A Conversation with God: From an Agnostic that Sometimes Prays

Dramatic nature background

[The following is a hologram of my imagination of what I believe to be brought on by migraines, creativity, or madness. My conversation with God is not to be misconstrued as anything close to faith, for I rarely believe in what is not there or deny in what is.]

The creator is often seen as being male and infinite, and to avoid confusion in such a gendered language as English, I will refer to God as God. God’s resume is very long, but one of God’s many accomplishments was the formation of this universe among the countless others. I cannot begin to tell you how honored I am that God agreed to do the following interview. To be so flawed and accepted by one so great, when clearly God has so many better and more faithful choices, leaves me so humbled that I must inscribe myself as “unworthy one.”

unworthy one: What is the meaning and purpose of life?

God: To open your eyes and to close them with a smile

unworthy one: Why is there such hate in this world?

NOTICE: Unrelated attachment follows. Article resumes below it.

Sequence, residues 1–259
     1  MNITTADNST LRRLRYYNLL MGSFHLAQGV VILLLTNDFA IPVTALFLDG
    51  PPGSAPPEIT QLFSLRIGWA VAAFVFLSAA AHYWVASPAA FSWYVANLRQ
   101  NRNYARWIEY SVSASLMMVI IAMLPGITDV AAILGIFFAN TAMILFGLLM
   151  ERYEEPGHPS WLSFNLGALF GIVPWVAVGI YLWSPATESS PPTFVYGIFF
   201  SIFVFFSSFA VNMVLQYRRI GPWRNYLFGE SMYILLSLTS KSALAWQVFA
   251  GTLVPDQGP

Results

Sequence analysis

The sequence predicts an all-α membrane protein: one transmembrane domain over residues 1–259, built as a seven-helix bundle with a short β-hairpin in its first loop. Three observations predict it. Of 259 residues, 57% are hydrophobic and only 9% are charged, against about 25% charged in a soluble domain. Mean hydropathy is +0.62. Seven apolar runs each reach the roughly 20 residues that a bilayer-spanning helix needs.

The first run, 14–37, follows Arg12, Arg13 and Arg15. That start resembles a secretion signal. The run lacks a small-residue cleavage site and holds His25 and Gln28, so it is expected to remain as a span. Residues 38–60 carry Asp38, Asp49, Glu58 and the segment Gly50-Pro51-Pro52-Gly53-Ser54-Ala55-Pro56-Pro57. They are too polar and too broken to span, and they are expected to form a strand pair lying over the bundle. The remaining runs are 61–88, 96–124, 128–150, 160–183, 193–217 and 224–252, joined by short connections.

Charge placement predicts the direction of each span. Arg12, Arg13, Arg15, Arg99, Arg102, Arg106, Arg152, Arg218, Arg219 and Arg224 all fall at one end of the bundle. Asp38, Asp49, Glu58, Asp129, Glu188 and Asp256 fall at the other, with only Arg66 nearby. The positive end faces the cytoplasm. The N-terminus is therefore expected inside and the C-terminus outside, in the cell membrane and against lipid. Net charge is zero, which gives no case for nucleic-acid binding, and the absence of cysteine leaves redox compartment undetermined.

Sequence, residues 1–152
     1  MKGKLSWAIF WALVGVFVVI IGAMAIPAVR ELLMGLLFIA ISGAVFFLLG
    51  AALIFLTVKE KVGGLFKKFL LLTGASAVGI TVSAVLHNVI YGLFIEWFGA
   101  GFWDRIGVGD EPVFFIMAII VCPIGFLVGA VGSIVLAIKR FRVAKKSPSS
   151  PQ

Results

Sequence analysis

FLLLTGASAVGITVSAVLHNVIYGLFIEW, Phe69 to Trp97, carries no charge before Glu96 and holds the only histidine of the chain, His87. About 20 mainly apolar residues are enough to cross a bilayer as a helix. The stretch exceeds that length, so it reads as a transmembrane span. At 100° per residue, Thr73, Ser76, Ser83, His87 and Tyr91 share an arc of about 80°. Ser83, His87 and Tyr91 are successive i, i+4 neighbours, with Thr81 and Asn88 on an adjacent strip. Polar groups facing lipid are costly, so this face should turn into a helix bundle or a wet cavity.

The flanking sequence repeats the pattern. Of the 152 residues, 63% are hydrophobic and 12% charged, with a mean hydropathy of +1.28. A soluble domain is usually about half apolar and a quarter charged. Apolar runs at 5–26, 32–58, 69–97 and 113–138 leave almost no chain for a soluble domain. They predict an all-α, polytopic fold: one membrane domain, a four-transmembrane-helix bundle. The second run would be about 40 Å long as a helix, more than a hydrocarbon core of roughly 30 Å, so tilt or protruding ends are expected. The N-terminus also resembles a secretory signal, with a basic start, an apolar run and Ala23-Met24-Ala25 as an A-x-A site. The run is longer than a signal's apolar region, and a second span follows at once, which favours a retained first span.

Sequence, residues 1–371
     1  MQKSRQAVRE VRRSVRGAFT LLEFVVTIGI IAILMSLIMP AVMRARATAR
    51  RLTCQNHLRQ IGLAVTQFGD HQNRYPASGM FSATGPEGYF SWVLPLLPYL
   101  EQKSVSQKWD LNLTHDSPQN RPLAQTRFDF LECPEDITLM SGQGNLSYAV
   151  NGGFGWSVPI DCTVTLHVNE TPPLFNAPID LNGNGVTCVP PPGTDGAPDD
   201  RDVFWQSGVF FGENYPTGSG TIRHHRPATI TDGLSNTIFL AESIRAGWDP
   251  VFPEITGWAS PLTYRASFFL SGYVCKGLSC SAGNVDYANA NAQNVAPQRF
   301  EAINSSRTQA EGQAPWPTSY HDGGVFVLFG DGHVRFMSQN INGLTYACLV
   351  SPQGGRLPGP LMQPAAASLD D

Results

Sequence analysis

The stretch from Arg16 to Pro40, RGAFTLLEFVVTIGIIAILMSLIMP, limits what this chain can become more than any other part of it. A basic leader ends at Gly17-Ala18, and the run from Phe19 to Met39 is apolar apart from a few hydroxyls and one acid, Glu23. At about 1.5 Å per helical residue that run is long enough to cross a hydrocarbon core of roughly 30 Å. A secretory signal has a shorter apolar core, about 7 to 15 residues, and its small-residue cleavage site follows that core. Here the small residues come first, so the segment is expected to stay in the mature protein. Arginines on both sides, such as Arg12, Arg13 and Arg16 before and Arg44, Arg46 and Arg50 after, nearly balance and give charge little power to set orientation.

God: Because there is much pain in this world

unworthy one: Why then is there pain like this?

God: misdirection

unworthy one: Do people have a chosen destiny?

God: yours?

unworthy: I want to write and write like hell but no one reads it. No one controls destiny?

God: write

unworthy one: Are we all misdirected?

God: “All” can be such a sin

unworthy one: what is the right faith?

God: That gives true hope

unworthy one: But many speak of the “Word of God” for example?

God: Not mine?

unworthy: Are men and women equal?

God: L-I-F-E is equal

unworthy: Why genocide, why World War II, why millions dead in Rwanda, why mass shootings, these crazy elections?

God: you become what you think

unworthy: why do people die?

God: Because people kill them

unworthy: They get disease and …

God: it’s a cycle … hate is not

unworthy: But why?

God: truth lies in those you trust … a week is 3 billion years … all in a time warp …

unworthy: Many will read this and say why did you speak with H-I-M and not those of faith?

God: because you spoke to me without a mask

unworthy: Any advice to the others?

God:  mercy is always worthy …

unworthy: Many people need you …

God: So do I.

unworthy: where are you?

God: In seeing the world, in seeing life differently, in seeing a setback as an opportunity, a disability as a gift, and riches as a curse; to see life, to smell it, taste it, to embrace what lives and mourn what has not, to see that when love conquers evil it may become so; evil follows goodness so. Twins at birth. Sometimes God can be the Devil, you know.  Evil is not Black or White; white is a color of life here and one of death over there. Black shows evil here and peace and new beginnings somewhere not yet here.

embrace life

love what you question

fear not what you know not

______

Here is the podcast of the interview.